Food is not only something that makes us less hungry. Food can comfort us or give us the feeling of being at home. It can be exciting or familiar; it can inspire us to explore another culture, and, very often, we share it with friends and family. Food is social context. Food is an experience.
For a good stock photo, it is not enough to just shoot people eating something. The context is important. The location, the people, their emotions, their clothing, the props, and, of course, the food should all work together to tell a story.
Image by Kzenon
Image by Alliance Images. Gear: Nikon D800 camera, Nikkor 28-300 lens. Settings: Focal length 28mm; exposure 1/100 sec; f5.6; ISO 100.
Any photo shoot with food must be done quickly, and that means that everything from styling to lighting and angles etc. must be determined in advance. Of course, we’re not talking about a classic food photo where all the attention will be on the food, but the food still has to look good, so your time will be limited. For instance, I did this shoot in a popular tourist spot in Italy with some classic local gelato; as I only had a minute or two max to get my shot, everything needed to be prepared in advance.
You’ll be working under pressure, but, at the same time, make sure to maintain a relaxed atmosphere. In these kinds of photos, the person is the main subject, so the model should never feel rushed. Instead, they should feel natural and carefree, so engage them in the process.
Image by Alliance Images
If, for example, you are working with real ice cream on a hot sunny day and one of your models is a child, don’t let yourself get tense or nervous. Try to turn everything into a game, and try to be as creative as possible in a short time frame. Accept the situation. Relax, have fun, and don’t be afraid to try different things or even get a little goofy to see what you can pull out of the situation.
Image by PR Image Factory. Gear: Sony A9 camera, Sony FE 24-70mm F2.8 GM lens. Settings: Focal length 28mm; exposure 1/400 sec; f3.2; ISO 100.
We’ve shot most of our best-selling photos of people eating food while traveling and enjoying local food in natural light. We will usually give our models a short narrative to consider, a bit like the plot of a play, and they will then use their imaginations and respond with a pose that reflects that story naturally. We do not give our models any specific poses, as this tends to result in rigid facial expressions.
Because we shoot food while traveling, we always make sure that the food matches the location and the background. This is a very important element to consider before you shoot; for example, don’t order a hamburger in a Japanese restaurant. You might want one, but it will not help you to sell the photo. The right food in the right place will reflect the local lifestyle and make for a more attractive image.
Image by zeljkodan (Željko Dangubić). Gear: Canon EOS 5D Mark II camera, Tamron 28-75mm f/2.8 lens. Settings: Focal length 28mm; exposure 1/250 sec; f3.2; ISO 100.
I work with real food and real people. If you want to work with a group of people, try to find people who already know each other and are comfortable with one another. That way, they’ll be comfortable eating their food without worrying about the impression they’re making on strangers. Also, they will have common interests and topics to discuss, so their expressions and laughter will be genuine. Try to find out who the “alpha” in the group is. If you give them the main role, they will help lead the rest of the group. Your job will be much easier, and you can focus on light and composition.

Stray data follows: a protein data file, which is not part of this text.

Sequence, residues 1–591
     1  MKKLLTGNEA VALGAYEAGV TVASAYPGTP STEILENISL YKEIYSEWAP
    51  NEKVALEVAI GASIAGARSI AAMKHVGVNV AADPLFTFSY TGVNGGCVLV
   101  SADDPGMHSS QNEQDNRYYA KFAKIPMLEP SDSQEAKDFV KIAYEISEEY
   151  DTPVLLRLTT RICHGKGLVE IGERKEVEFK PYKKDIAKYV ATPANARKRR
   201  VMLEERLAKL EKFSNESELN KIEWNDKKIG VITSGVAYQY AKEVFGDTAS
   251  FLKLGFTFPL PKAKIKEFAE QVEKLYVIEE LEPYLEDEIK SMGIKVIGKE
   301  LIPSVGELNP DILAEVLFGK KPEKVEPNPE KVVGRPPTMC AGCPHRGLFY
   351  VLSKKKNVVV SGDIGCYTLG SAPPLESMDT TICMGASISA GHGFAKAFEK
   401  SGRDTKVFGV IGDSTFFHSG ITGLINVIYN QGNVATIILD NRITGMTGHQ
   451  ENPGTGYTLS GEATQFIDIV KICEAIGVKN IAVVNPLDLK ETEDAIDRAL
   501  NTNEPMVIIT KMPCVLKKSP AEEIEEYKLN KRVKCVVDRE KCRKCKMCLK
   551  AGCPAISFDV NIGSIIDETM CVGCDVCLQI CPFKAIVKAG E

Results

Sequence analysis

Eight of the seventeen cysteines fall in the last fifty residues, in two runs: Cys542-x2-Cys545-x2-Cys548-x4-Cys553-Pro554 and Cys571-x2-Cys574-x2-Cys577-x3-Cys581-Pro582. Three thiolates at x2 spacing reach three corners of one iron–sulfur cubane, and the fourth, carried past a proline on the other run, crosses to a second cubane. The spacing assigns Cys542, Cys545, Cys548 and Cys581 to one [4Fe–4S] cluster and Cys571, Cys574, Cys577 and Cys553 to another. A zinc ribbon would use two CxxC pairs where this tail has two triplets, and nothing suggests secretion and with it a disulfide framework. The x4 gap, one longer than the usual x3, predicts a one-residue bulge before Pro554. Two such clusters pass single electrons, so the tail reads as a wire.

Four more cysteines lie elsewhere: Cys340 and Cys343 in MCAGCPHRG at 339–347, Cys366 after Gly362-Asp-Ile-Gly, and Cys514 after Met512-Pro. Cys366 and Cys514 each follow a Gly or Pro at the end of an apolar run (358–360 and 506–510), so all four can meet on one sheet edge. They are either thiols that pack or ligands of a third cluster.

Image by AlessandroBiascioli. Gear: Sony A7 II camera, Zeiss 50mm lens. Settings: Exposure 1/320 sec; f3.2; ISO 640.
Building a relationship with our models is important for us; in fact, it’s one of our main priorities. We like to use the same models for different shoots, which allows us to get to know the models and build a relationship with them. Whenever we have a lunch date or a dinner date, we invite these models and capture them having fun while enjoying their dinner.
We organize these dates in various locations. They don’t necessarily have to be in a home setting; we actually prefer to take pictures of people eating outdoors. Doing a shoot during a picnic or a barbecue, for instance, allows us to catch some natural light or a beautiful sunset.
Image by AlessandroBiascioli
Image by nelen (Anastasia Nelen). Gear: Sony A7RII camera, Sony FE 28-70mm f3.5-5.6 lens. Settings: Focal length 29mm; exposure 1/160 sec; f3.5; ISO 640.
The most effective way to make more authentic photos is to watch real people eating. For example, if you’re with your family sitting in a cafe or a food court, try to notice how they behave and what they do during a meal. After having observed people in real life, you can proceed by shooting with a model.
Photos of people who are eating with genuine pleasure and who are not looking into the camera tend to be more interesting. Not everything needs to be perfect; the image will look more natural if things are slightly messy or imperfect.
An easy way to take a photo of someone eating is to ask the model not to eat before a photo shoot and then offer them something special. Choose unusual or unexpected foods if you want their reactions to turn out more genuine and unique.
Another approach would be to start taking photos at the end of a photo session that does not involve food. For example, you can capture authentic photos during a break, when the model thinks the shoot has stopped and begins to eat simply because they are hungry. If there are several people in the frame, let them interact. If there is one person, you can bring out natural moments by telling jokes or talking about the news.
Image by nelen (Anastasia Nelen)
Top image by AlessandroBiascioli